What it all points to is a shift in the nature of computing in general — from being a thing located in individual devices, to something more akin to a service or a layer, accessed not only from many devices, but in many different ways: through a traditional keyboard and mouse, touch, voice, or AI that predicts what you need before you ask for it. It’s about changing the idea of computing from one of gadgets to simply being everywhere, accessible through a variety of different interfaces.

Whether Microsoft can pull together the technical know-how and marketing to make their streaming idea work remains to be seen. Gamers are not only notoriously conservative, they are also highly sensitive to the minutiae of performance. All the same, it represents a significant opportunity for Microsoft.

Rather than merely being a toy, the next Xbox will be a testing ground for the future of computing itself.

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by Paul  Tassi via Forbes

The storm around a lack of cross-play on PS4 has not abated in the wake of the news out of E3 that not only can you not play with Xbox or Switch players if you have a PS4-linked Fortnite account, but that you cannot use that account at all on either of those platforms.

Sony has issued a statement that somehow manages to boast about its sales numbers while dodging the account-locking part of the problem entirely. Epic has now thrown up error messages throwing indirect shade at Sony for the problem, but don’t seem to be interested in picking a fight other than simply saying “we wish this could happen.”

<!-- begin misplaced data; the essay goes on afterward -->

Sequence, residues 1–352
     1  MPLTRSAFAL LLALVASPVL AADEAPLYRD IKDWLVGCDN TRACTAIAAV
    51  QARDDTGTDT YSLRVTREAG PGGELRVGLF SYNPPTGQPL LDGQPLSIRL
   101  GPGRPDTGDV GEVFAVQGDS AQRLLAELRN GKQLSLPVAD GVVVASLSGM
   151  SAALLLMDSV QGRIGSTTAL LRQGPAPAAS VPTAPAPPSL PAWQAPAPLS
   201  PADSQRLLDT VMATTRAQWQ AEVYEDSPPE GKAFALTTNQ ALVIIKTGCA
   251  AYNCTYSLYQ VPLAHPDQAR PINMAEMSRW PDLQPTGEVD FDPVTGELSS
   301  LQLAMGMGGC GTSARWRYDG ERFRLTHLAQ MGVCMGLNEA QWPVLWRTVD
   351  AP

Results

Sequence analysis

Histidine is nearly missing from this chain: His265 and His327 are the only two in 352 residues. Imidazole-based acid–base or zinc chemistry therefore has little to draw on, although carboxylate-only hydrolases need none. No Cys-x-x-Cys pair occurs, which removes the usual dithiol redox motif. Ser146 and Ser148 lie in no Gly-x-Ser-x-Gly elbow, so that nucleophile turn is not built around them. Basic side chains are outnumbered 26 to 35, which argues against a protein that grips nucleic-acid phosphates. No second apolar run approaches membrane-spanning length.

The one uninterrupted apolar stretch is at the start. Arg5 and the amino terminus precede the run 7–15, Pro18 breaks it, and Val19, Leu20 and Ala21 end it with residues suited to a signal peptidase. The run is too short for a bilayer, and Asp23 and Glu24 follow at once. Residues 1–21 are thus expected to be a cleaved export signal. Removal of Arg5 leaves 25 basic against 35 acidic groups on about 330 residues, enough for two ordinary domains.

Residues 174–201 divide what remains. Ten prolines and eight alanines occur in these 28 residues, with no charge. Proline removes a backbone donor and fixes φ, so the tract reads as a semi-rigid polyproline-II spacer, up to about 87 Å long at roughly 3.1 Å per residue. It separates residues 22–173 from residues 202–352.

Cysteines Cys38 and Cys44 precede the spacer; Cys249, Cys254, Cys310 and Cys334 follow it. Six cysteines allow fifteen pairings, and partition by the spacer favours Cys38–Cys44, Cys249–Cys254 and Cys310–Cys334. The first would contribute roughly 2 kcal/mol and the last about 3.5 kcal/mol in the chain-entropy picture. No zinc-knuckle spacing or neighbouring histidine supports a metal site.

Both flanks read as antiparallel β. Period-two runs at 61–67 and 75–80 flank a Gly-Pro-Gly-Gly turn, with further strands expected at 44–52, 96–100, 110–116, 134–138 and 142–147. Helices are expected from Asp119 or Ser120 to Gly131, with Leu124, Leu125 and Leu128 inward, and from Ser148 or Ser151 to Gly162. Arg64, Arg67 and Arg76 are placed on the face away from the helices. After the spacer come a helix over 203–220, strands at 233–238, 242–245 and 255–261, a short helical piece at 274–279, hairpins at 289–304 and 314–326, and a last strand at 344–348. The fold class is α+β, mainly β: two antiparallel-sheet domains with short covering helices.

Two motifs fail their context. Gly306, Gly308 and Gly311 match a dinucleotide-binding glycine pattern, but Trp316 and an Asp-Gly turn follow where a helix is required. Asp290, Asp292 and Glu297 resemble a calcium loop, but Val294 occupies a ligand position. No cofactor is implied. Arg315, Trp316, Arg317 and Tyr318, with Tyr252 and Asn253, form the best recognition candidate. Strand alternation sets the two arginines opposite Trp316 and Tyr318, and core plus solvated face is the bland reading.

But now someone else is making news. That would be John Smedley, the former head of Sony Online Entertainment (and current head of Amazon Game Studios), who seems like he’d have some pretty good insight into the situation. And it appears he does.

After calling for “pressure” on Sony to make the issue go away, Smedley went on to explain via Twitter the reason that Sony gave for why they don’t want cross-play:

“btw when I was at Sony, the stated reason internally for this was money. They didn’t like someone buying something on an Xbox and it being used on a Playstation. simple as that. dumb reason, but there it is.”


This is, of course, what many people assume is happening, despite statements like the one below, given by then head of PlayStation global sales and marketing, Jim Ryan after E3 2017 when it was Minecraft cross-play being debated:

“We have a contract with the people who go online with us, that we look after them and they are within the PlayStation curated universe,” said Ryan. “Exposing what in many cases are children to external influences we have no ability to manage or look after, it’s something we have to think about very carefully.”

No one really took this seriously at the time, and “we’re doing it for the children” practically became a meme afterward. But combined with the statement from the former president of SOE, this really does not look great for Sony.